Back to the film: Godard has utilised 3D – Hollywood opiate par excellence – as one would snatch up a Rubix cube from a toddler, solve it and toss it aside like yesterday’s news. What Godard has achieved with the form here can, ironically, only be topped by another director that is willing to meet him on an aggressively Brechtian playing field, a feat that illusion-merchants Marvel would hardly be game to attempt. Much has been reported from Cannes concerning key scenes in which the image splits in half and overlaps itself, causing the viewer to see a completely different shot in one open eye to the other. A good joke is never told three times; Godard uses this trick sparingly, though there are subtler moments where I alternated between each eye and found significant yet understated differences in several shots.
The closest scenes amounting to any kind of narrative are those that involve a couple (Kamel Abdeli and Heloise Godet, both present for the Q&A) struggling to communicate inside a bland abode, and the pair of them are understandably upstaged time and again by the quaint, poetic sight of Godard’s pet dog Roxy, aimlessly navigating the landscape as classical music cuts in and out. We can never truly know how this creature interprets the world around him, but we can assuredly discount the signs and signifiers that subconsciously ferry we humans from each deliberation to the next. The interior wherein the couple resides is a home furnished of things that have function and further meaning ascribed to them. In one shot, a woman sits facing away from her television, the English audio of the DVD understandable to the viewer, yet the French subtitles – and her means of entry into the complete experience of the film – are to her unseen. As one watches hands silently exchanging eyephones with not an audible word shared between them, one begins to read the ‘Goodbye to Language’ title as a final resignation from the auteur against an irrevocable devaluation of cultural interrogation, an embittered sigh towards the human eye’s state of flux. I shall dwell for a time on the image of a man speaking to his wife from the toilet seat, the sound of his diarrhoea sloping into the bucket as he speaks – the point being, after all is said and done, that men, women and dogs all speak one common language: defecation. And maybe that’s all we deserve.
It seemed strange, almost treacherous, to travel from a belligerently difficult Godard film to its polar opposite: It Follows, a meticulous horror picture whose prerogative is to scare its audience silly via an uninhibited cinematic arsenal. Director David Robert Mitchell isn’t giving viewers the shivers through philosophical treatises on semiotics, but nor is he content to let them sit back and wait for the monsters to materialise in a flash-instant. Wide-angle compositions and depth of field keep the audience immersed and engaged in those in-between moments, searching for the nasty that may or may not be lurking in the background of a scene. Liable to appear at any moment are spectres whose forms are personalised to effectively spook the character that notices them; our lucky winner is 19-year-old Jay (Maika Monroe) who after an intimate encounter receives a sexually-transmitted curse pre-packaged with a slow-moving spectral stalker, a trauma-tailored phantom that can and will find its prey at any time of the day, anywhere. Pare this ostensibly preposterous device down to its central conceit for clarity: how many of us have dreamed of a person or thing chasing us, slowly, casually, often taking the form of someone we know? And when we’re powerful enough to outrun and escape such threats, the knowledge that it’s still out there causes us to repeatedly look over our shoulder – or in this case, around the widescreen frame.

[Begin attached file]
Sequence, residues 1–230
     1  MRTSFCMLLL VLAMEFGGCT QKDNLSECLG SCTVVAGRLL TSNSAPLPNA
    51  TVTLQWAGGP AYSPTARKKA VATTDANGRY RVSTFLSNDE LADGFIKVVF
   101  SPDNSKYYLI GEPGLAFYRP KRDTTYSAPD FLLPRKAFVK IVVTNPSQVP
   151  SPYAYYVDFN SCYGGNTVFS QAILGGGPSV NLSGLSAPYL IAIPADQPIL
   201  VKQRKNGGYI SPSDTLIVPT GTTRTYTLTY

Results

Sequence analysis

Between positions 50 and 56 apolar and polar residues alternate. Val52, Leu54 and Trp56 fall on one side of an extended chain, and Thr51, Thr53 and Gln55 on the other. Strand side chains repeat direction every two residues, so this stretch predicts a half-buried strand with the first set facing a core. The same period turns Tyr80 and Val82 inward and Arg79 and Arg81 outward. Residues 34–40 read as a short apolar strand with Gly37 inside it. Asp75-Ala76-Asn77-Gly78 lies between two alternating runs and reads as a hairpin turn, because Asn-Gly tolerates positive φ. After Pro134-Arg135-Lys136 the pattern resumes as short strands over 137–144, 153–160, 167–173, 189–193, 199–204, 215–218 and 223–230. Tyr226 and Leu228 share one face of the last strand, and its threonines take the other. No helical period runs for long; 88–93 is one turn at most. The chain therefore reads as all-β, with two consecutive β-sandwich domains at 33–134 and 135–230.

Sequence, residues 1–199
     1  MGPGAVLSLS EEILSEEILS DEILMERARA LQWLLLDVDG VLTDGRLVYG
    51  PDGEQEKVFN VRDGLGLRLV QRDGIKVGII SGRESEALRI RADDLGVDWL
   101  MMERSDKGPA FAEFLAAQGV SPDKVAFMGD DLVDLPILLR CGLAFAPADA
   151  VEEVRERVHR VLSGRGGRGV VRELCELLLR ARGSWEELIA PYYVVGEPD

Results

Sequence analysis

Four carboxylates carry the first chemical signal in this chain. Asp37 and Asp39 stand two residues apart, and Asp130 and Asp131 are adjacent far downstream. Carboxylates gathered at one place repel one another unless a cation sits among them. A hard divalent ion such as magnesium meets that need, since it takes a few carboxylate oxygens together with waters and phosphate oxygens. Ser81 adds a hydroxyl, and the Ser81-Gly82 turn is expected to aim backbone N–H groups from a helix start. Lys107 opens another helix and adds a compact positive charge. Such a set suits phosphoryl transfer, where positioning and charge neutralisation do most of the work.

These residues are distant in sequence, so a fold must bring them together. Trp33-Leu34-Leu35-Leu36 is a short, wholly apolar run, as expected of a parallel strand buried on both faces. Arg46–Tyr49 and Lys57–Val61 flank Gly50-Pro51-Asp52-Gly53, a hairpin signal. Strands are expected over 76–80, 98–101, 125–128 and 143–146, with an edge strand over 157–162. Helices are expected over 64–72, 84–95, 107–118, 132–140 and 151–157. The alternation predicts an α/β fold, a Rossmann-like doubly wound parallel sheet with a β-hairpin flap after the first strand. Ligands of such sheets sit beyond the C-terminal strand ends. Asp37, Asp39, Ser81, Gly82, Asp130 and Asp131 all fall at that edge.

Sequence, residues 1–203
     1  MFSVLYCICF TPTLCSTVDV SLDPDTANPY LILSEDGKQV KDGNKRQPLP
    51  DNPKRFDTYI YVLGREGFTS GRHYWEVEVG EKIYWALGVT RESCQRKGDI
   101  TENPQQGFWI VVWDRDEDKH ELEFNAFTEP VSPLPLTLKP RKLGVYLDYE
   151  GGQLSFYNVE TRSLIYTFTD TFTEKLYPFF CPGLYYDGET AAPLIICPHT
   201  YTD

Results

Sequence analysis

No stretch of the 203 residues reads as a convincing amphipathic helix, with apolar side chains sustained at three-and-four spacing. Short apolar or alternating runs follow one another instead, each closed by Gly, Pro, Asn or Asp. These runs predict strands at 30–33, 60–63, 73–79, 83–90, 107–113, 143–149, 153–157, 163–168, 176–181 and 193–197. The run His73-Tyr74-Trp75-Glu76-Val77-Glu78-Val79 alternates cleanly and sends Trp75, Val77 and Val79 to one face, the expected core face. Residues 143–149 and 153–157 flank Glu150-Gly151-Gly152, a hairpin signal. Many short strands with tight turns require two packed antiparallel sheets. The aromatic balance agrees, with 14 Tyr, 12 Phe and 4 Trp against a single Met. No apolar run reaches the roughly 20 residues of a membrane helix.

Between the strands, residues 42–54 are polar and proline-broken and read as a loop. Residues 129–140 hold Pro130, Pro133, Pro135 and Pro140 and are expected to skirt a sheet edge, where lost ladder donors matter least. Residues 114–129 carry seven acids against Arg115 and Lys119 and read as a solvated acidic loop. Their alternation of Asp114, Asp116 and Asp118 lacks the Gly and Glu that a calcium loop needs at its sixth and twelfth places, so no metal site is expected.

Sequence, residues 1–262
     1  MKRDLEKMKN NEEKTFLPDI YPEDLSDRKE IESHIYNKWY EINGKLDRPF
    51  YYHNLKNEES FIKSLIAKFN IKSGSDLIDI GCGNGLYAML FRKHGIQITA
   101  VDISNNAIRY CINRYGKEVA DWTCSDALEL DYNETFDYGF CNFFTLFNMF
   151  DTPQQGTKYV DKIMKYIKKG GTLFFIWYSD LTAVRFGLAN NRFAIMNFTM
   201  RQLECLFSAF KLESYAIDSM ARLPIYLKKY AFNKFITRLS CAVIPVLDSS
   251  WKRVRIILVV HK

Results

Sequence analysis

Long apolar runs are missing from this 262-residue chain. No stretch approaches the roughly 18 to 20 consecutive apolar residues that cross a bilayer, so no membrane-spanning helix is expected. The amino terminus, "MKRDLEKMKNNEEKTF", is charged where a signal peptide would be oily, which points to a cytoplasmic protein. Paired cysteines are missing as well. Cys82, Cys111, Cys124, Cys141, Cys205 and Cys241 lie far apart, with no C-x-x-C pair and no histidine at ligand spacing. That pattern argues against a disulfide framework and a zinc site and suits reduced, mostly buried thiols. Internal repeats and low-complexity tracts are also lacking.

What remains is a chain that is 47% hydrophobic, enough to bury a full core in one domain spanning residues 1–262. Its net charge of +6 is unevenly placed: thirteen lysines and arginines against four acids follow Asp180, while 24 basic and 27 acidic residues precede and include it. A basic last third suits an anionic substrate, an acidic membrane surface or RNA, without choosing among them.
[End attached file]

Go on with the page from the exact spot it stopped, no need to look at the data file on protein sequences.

There are no adults in this world unless you look for them (and I’d argue that the frequent emphases on family photos are a tad on-the-nose), confining this ordeal as unique to those stuck in the feeling-out stage between teenage years and adulthood. Sarah’s accompanying band of brave merry friends call to mind Buffy the Vampire Slayer, a show that also featured a set of teenagers whose traumas project as horror. Nothing on that show looked and sounded quite this good, however: the electric score from Disasterpeace travels the range from bruising to soft-tempered, complementing Mitchell’s effortless oscillation between tones of sweet and deathly sour, and there’s enough compositional flair and inventive camera movement by cinematographer Mike Gioulakis to satisfy those certain cinephiles ordinarily indifferent to the horror genre. In all, it’s a tight package.